Fragmentary papyrus of this nature have been unearthed dating from the second to eighth centuries, with more than half of them dating from the third and fourth centuries. No early papyrus, however, contains any complete book of Christian scripture. The papyrus New Testament manuscripts extant today were found in Egypt and undoubtedly were written there. They prove conclusively that in Egypt, particularly in the second, third and fourth centuries, no one type of New Testament text was dominant. In those early centuries many types of text flourished side by side. Two early papyri, which overlap across seventy verses of John's Gospel, differ at no less than seventy places (even after obvious scribal errors are accounted for); an average of one variation in each verse. If texts were being changed and edited to this degree, even a gap of a century between an original and its first survival on a papyrus fragment is a long and potentially disastrous time. We simply do not know what may have happened to the words at important places. (Paragraph adapted from Robin Lane Fox, The Unauthorized Version, 1992, pp.139-140)
In the preface to his Gospel, Luke tells us explicitly that "many have undertaken to compile a narrative of the things which have been accomplished among us." (Luke 1:1-2) His words make it evident that by the time he wrote there were numerous other 'gospels' in circulation and none of them enjoyed such an established position as to bar another writer from adding to their number. Neither for them nor for himself does Luke claim any special Divine inspiration. He writes simply as one to whom "it seemed good... to write an orderly account." (Luke 1:3) Moreover, the way in which both he and Matthew treat their source material (supposedly derived from Mark's work) shows clearly that neither regarded the earlier Gospel of Mark as inspired scripture. Both of them feel perfectly free, not only to add to Mark, but also to subtract, to alter words, to change the order in which events were supposed to have occurred, and even on occasion to give contradictory information. The author of the fourth Gospel, John, is bold enough to treat the whole tradition with infinitely greater freedom, not holding himself bound to follow the outline of events that underlies the other three, nor even to reproduce substantially the same teaching. It cannot be doubted that the many other gospels which were in circulation during the same period or later claimed for themselves at least an equal freedom and status.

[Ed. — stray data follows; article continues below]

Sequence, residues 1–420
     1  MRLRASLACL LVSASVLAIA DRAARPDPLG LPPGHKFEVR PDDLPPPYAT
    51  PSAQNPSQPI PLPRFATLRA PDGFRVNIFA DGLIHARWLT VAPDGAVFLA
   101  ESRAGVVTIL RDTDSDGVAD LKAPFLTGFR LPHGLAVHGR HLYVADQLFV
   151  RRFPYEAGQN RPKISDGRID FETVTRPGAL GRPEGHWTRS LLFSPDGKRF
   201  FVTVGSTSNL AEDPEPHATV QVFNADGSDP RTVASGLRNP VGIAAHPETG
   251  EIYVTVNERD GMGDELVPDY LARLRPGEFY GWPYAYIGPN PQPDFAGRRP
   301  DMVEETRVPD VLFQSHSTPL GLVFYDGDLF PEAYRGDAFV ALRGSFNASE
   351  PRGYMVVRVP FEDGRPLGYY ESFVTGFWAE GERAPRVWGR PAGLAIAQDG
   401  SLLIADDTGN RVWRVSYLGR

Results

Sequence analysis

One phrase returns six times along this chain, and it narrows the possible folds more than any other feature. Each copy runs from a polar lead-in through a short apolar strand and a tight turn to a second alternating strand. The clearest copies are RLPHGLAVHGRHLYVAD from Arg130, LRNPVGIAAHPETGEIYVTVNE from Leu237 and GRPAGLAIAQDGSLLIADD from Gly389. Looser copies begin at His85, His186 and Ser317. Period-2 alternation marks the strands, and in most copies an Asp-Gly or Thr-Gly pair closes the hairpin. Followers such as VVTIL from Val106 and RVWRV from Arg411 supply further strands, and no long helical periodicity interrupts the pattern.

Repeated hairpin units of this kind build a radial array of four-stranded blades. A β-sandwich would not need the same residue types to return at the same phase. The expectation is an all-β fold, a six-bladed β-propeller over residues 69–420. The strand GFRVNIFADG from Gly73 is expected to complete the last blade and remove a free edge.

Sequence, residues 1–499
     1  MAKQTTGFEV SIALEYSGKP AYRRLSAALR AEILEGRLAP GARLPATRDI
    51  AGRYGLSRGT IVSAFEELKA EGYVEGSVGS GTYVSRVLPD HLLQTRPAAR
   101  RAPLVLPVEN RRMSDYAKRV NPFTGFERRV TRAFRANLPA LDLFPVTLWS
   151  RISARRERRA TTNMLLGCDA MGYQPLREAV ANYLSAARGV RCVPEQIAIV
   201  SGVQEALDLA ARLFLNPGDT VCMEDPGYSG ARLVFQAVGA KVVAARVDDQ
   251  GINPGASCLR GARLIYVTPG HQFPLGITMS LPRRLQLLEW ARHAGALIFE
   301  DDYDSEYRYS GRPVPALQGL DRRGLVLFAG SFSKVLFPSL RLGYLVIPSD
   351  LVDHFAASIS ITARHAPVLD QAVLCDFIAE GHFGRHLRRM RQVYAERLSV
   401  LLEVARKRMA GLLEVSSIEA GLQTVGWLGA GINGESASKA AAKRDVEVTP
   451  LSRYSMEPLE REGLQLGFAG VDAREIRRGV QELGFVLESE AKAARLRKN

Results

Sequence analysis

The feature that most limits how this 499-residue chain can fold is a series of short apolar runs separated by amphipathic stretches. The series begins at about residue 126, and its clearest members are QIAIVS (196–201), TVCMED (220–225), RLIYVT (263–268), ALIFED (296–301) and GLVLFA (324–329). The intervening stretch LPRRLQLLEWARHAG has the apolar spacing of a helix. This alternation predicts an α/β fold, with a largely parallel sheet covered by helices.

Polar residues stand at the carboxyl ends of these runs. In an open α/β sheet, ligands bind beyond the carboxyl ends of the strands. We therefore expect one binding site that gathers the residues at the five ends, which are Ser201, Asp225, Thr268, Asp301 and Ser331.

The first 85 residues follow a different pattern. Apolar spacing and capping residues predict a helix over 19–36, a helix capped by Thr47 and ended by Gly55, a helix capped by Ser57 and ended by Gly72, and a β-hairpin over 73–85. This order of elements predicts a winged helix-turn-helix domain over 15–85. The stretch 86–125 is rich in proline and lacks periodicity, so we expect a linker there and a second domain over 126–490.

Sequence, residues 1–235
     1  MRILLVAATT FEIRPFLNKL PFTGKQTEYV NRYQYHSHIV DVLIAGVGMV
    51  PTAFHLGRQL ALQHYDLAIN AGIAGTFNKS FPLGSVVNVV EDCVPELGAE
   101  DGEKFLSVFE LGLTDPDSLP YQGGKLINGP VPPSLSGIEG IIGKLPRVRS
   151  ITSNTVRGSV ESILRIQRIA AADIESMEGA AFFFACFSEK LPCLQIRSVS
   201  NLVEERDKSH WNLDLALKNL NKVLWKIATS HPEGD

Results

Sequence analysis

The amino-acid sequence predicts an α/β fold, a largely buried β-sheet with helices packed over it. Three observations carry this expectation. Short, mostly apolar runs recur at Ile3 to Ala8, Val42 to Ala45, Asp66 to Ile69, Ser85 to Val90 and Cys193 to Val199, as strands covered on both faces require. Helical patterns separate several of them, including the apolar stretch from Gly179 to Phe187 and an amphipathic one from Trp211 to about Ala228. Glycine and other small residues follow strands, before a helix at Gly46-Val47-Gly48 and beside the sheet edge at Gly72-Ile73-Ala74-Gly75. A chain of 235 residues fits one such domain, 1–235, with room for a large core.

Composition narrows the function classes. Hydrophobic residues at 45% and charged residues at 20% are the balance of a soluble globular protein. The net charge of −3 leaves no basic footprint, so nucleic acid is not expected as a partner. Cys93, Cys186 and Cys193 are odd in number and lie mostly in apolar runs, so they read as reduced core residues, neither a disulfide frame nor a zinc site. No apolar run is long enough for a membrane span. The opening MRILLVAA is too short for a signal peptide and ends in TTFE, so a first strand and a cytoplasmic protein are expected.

To conclude, hereunder are just a few examples highlighting the differences in the text of the New Testament found in some of its most famous modern day versions:
I John 5:7 of the King James Version (KJV) reads: 'For there are three that bear record in heaven, the Father, the Word, and the Holy Ghost: and these three are one.' This passage, however, has been deleted from the Revised Standard Version (RSV) as a fabrication. In a commentary on the Authorised Version it states: "No comment is made on this verse, as the best authorities do not consider it to be part of the original text." (Commentary on the Authorised Version, Society for Promoting Christian Knowledge, 1871, Vol.2)
Acts 8:37 of the KJV reads: 'And Philip said, If thou believest with all thine heart, thou mayest. And he answered and said, I believe that Jesus Christ is Son of God.' Both the New International Version (NIV) and the RSV omit this passage completely as being inauthentic.
John chapter 8 of the RSV and the NIV begins at verse 12, completely omitting verses 1 through to 11. The KJV, however, includes all of these verses without comment.
The RSV omits verses 44 and 46 of Mark chapter 9. The KJV includes both verses without comment. The NIV relegates these verses to a footnote without any certainty as to their authenticity. Concerning such footnotes, the NIV explains: "Footnotes call attention to places where there was uncertainty about what the original text was."